Studies have shown that those who are chronically homeless often have additional complications of mental health and addictions challenges, and are “unable to find and afford housing that would provide a platform for recovery.” Homelessness results in other social complications. It has been shown that when individuals do not have to worry about where they will be spending the night, they drastically improve in other areas of their lives. Instead of focusing their energy on finding a decent place to sleep, they can focus on finding employment, food, and other needs. And when energy can be focused on these areas, crime decreases as well. By spending a day in the courthouse you realize that the types of crimes that are committed by those who do not have a home to return to are petty crimes, like stealing food for themselves and their family to eat. When energy can be focused on finding employment and to meeting other needs, instead of finding a safe place to sleep, the need to steal for sustenance is no longer an issue.
The Housing First program recognizes the link between having adequate housing and resulting success in other areas of an individual’s life. The Housing First approach is a program that aims to help homeless individuals quickly access and sustain permanent, affordable homes. This approach has been successful in many cities already, including Lethbridge, which has cut it’s homeless count in half. The Housing First philosophy believes that people are more successful in moving forward with their lives if they are housed first. Housing is a pre-condition for recovery, and the Housing First approach provides housing with supports in place, which increases the chances of individuals overcoming chronic homelessness.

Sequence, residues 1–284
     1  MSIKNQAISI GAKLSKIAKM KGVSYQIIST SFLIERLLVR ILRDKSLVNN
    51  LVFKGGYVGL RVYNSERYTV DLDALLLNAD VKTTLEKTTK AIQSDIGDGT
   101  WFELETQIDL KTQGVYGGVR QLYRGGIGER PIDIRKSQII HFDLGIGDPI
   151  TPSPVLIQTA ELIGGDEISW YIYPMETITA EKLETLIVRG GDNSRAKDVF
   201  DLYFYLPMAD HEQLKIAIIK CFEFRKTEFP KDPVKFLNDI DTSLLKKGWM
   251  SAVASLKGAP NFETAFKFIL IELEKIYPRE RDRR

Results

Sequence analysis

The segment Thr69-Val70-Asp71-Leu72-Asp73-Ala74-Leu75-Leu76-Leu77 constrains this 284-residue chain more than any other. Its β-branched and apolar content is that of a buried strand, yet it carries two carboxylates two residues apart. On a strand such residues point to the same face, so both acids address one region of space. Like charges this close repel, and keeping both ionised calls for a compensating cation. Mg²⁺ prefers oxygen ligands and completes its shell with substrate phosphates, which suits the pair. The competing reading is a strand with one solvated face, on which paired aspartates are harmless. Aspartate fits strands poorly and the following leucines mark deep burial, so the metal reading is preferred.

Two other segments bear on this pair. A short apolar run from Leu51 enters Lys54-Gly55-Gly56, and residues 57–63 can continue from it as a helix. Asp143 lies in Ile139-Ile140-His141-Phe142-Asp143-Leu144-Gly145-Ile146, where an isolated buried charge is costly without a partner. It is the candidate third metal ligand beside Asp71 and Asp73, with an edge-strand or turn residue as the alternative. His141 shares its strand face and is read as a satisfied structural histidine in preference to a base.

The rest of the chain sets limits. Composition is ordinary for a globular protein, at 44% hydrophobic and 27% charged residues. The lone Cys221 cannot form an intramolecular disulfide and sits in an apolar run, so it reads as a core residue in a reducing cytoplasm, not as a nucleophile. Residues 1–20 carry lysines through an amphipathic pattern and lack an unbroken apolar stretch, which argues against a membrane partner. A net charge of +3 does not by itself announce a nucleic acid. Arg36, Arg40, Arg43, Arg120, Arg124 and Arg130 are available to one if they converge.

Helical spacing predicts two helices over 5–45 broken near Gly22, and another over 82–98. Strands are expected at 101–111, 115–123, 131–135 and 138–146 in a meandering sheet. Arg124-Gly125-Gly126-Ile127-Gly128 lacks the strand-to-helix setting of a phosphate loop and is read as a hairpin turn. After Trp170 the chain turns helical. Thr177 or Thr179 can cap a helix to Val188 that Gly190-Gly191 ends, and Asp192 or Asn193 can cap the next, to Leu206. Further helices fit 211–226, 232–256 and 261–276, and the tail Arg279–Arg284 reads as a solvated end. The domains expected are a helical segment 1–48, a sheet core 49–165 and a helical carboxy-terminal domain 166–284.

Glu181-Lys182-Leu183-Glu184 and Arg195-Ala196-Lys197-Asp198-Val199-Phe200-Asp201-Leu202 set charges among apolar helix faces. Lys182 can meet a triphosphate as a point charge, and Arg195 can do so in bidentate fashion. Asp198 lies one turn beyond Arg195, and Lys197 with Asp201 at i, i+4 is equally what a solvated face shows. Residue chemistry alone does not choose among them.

The Canadian Mortgage and Housing Corporatino (CMHC) considers a household to be in core housing need if its housing does not meet one or more of the standards for adequacy, suitability, or affordability, and cannot access acceptable local housing without spending 30 percent or more of their income on shelter. In the last Edmonton Census, 48,225 households in Edmonton were considered to be in core need. This number is an increase of 7,005 households where housing is too expensive, too small, in need of repair, or a combination.
There is also stigma surrounding those who cannot afford to live in market housing. In 2011, 27% of renters in Edmonton were experiencing core housing need (spending 30% or more of their income on rent). 24, 770 renter households in Edmonton spent more than 50% of their income on household costs. Given the changes in the economy, it is probable that this number has increased. Individuals who cannot afford to rent a one-bedroom apartment in Edmonton include restaurant servers, retail clerks, hair stylists, and barbers. Surprised? I was. Even more surprising is that nurses, plumbers, and dental hygienists are some professions that cannot afford to purchase a single detached home in Edmonton on a single income. Rental vacancy rate in Edmonton is low. A 3% vacancy rate is considered to be a balanced rental market; in October 2014 the Edmonton rental vacancy rate was at 1.7%. This is probably because professions like nurses, dental hygienists, and plumbers are being priced out of purchasing homes in the housing market, and so they must continue to rent. There is a large demographic of middle-income individuals who are being priced out of purchasing, and so they continue to rent. By having these individuals continue to rent, there are less rental homes available to the lower income individuals, which means that landlords can charge higher prices for rent. This means that the middle-income professionals can afford the rental properties, while lower-income individuals get priced out.